European stock markets are increasingly attractive for small- and mid-cap Chinese companies and IPOs looking for somewhere to list
Booming emerging markets are producing more and more companies keen to IPO – yet local markets often do not have the liquidity, depth of capital or sophistication to cope with the growing demand, forcing these companies to look elsewhere. This in turn is heating up competition between the major bourses of the developed world, which are eager to snap up this lucrative business from abroad.
Take China, which is tipped to overtake the US in 2008 as the world’s largest economy. Many companies there are choosing not to list locally due to the unpredictability of filing with the China Securities Regulatory Commission. ‘Approval is based entirely on the financial performance of the company and on political issues,’ maintains Rolland Long, managing directing of Shenzhen-based broker Vestasia. As Long points out, good companies are not always rewarded by share price – so certain companies might suffer big losses, but their stocks will still go up.
Junjie Cui, in charge of global business development at the Shanghai Stock Exchange, admits that, compared with China’s stock market, rules and regulations in Europe are more mature. Despite this, she does not view European or US markets as a threat. ‘We focus on blue chips, which are encouraged by the government to list locally rather than overseas, while European markets pay more attention to small to medium-sized enterprises,’ she says. ‘NASDAQ has been expanding business throughout China for quite some time and although it has attracted its share of enterprises, we haven’t seen any obvious negative influence on the Chinese stock market.’
For small to mid-cap firms without government backing, there is little hope of a domestic listing: it takes about two years to go public in China even if the necessary conditions are met. Furthermore, local regulators are purportedly trying to cool domestic investment by encouraging banks to lend less.
British, German and French brokers have been busily opening offices in mainland China ever since the costly and time-consuming SOX legislation began deterring Chinese companies from listing in the US.
France is a new market for Chinese companies. This, according to Long, accounts for its appeal. ‘As the Chinese are less familiar with the French exchange, there’s no precedent to live up to,’ he remarks. ‘Chinese companies don’t really understand international markets and if they see their counterparts not doing so well on one exchange, they simply look elsewhere. Given that there are already several Chinese companies listed in Frankfurt or London, there’s inevitably more likelihood that some won’t do so well.’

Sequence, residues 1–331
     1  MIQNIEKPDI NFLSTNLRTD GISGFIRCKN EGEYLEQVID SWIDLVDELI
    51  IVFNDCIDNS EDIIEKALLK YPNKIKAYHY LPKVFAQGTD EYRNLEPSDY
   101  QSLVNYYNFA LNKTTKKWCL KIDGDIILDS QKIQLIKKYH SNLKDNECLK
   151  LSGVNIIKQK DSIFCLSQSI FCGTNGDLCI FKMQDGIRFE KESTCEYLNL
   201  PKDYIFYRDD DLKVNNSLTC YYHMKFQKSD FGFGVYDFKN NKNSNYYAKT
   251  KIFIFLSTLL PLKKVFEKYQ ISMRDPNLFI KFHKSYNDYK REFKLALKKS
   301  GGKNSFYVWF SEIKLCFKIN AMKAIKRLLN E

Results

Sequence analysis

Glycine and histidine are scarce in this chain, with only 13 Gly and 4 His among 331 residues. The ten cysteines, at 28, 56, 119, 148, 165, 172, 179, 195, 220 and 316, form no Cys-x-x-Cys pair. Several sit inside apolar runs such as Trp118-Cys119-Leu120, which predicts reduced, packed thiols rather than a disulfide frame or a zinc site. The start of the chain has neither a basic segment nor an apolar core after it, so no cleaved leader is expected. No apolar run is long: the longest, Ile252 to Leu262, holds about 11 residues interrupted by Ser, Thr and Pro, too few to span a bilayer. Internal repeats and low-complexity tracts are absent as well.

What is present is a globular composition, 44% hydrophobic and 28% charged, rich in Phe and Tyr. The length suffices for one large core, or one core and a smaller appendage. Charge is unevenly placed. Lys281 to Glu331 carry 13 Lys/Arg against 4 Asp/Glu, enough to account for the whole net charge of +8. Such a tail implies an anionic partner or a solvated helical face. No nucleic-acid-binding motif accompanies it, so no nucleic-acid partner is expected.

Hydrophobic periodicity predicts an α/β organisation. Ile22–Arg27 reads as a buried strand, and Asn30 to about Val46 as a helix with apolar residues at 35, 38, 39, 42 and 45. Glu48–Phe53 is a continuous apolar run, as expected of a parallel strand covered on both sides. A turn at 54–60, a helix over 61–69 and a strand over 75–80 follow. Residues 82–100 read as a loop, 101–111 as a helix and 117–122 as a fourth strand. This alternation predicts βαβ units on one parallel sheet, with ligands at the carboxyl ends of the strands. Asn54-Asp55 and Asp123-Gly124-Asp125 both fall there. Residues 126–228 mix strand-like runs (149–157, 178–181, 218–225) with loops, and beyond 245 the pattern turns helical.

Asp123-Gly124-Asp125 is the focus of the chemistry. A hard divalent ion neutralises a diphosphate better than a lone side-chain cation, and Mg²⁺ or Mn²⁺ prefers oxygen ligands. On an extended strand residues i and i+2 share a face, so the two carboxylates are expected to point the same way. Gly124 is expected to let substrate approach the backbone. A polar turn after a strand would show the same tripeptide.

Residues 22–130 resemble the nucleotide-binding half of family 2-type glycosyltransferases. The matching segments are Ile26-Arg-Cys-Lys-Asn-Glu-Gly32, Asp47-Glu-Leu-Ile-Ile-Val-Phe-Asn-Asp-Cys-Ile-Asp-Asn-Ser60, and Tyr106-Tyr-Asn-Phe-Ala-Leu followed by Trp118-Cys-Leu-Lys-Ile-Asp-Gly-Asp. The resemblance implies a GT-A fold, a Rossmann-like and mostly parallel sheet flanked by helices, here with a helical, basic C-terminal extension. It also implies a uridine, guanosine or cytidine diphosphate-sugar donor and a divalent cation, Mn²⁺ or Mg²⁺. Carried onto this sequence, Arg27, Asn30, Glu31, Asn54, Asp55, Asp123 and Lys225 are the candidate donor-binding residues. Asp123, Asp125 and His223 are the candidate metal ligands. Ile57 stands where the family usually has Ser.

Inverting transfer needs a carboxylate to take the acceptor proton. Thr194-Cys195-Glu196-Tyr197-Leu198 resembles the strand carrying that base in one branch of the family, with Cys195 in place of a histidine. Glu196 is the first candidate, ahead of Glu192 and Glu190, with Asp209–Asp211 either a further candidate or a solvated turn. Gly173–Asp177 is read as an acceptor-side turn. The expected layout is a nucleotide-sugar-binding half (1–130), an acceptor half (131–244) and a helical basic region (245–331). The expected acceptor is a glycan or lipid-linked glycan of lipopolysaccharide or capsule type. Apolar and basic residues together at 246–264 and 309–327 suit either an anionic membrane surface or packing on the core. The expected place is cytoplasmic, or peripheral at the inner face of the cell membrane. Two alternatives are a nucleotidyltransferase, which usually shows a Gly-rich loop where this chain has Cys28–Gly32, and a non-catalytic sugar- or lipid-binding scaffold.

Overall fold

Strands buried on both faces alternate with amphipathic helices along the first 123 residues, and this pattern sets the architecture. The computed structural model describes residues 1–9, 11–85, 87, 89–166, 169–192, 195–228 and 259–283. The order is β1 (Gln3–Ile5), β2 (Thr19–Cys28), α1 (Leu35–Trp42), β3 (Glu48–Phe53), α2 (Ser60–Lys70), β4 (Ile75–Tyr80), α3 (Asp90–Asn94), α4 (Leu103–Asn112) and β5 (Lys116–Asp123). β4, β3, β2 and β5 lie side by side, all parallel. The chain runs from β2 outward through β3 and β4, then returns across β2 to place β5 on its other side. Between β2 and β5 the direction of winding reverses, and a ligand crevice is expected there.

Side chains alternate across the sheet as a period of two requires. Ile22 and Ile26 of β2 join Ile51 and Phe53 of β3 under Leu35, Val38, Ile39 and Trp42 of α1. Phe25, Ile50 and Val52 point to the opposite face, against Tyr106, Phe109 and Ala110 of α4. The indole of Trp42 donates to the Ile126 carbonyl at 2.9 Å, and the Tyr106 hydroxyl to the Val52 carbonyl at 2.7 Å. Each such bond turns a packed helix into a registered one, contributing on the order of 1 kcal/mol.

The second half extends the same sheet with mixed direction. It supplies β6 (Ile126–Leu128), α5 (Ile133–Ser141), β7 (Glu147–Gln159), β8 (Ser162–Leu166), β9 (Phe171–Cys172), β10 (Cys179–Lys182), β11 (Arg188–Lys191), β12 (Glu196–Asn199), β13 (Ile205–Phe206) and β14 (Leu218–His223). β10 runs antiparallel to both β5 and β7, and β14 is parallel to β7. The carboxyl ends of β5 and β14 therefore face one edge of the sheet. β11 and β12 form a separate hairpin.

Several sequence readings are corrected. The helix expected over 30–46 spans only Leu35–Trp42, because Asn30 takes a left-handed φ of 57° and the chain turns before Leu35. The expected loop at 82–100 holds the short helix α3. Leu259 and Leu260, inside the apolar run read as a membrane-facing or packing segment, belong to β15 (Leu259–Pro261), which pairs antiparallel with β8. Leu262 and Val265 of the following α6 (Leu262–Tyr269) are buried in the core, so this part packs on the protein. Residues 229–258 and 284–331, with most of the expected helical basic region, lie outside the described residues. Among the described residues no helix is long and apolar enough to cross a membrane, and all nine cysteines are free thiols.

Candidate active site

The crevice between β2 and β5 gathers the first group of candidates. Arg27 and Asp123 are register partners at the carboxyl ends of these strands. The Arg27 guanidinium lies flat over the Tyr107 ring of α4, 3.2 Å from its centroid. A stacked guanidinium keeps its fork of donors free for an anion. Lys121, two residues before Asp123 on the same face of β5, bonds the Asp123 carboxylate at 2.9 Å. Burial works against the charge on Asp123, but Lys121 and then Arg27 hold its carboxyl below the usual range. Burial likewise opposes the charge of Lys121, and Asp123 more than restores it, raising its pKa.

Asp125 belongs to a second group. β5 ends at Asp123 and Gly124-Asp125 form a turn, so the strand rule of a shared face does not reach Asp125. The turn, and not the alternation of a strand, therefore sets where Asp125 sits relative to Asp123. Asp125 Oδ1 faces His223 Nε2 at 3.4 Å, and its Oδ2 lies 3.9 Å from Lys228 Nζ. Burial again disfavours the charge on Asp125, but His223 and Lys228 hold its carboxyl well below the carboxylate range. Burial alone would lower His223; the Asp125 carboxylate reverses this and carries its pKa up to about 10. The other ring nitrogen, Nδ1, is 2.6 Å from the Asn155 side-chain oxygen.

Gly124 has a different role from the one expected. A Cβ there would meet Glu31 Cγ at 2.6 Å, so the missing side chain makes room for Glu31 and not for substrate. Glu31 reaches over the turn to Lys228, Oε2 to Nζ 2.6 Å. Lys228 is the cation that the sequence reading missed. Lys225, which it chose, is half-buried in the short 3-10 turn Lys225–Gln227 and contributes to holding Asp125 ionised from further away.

Vestasia listed the first three Chinese companies on the non-regulated Marché Libre section of NYSE Euronext Paris in 2007, in conjunction with Paris-based brokerage outfit EFI. Auto group Lionax was the first Chinese company to list, in August; barely a month later France’s second Asian IPO, of Easson Telecom, had completed.
Long feels the French market provides a good training ground for private Chinese firms learning to become public companies. ‘Around 15 or 20 years ago their owners were all farmers or peasants,’ he says.
Arguably, France is more popular than the UK or Germany because it was the first western country to offer China diplomatic recognition in 1964. Several Chinese leaders subsequently pursued their academic studies in France. The recent merger of the NYSE and Euronext has further helped to boost France’s reputation as a viable market for Chinese companies, as the US has much better visibility in China owing to the predominance of American investment banks.
Despite these promising developments, Long admits it hasn’t all been plain sailing. Xiamen-based containers firm Greating Fortune was set to list on the French exchange in December 2007, as was a Chinese internet company; both IPOs had to be postponed.
‘We struggled to integrate the Chinese corporate structure with NYSE Euronext, which the US and the UK are more familiar with,’ comments Long. Vestasia eventually resorted to listing on the French exchange in a bid to instill faith in its clients.
While Long admits London’s Alternative Investment Market (AIM) is currently faring well, he says Chinese companies are often quite weak at undertaking the substantial amount of investor relations and disclosure required post-listing. ‘Some of them will try their best – carry out the roadshows and raise money, but then try to avoid meeting their investors,’ he says. ‘And then they wonder why western media don’t warm to them.’
Parisian broker Invest Securities has chosen to list its first Chinese company on small-cap specialist market Alternext rather than the Marché Libre. ‘Although it’s much easier to quote companies on the Marché Libre, because there are fewer restrictions, we opted for Alternext as we didn’t want to take any risks,’ comments Claude Bouyer, head of IR activities at Invest Securities. ‘We did a full audit. It’s not easy to promote Chinese companies to the French. In the current volatile market conditions it’s hard for small French companies, let alone small Chinese companies.’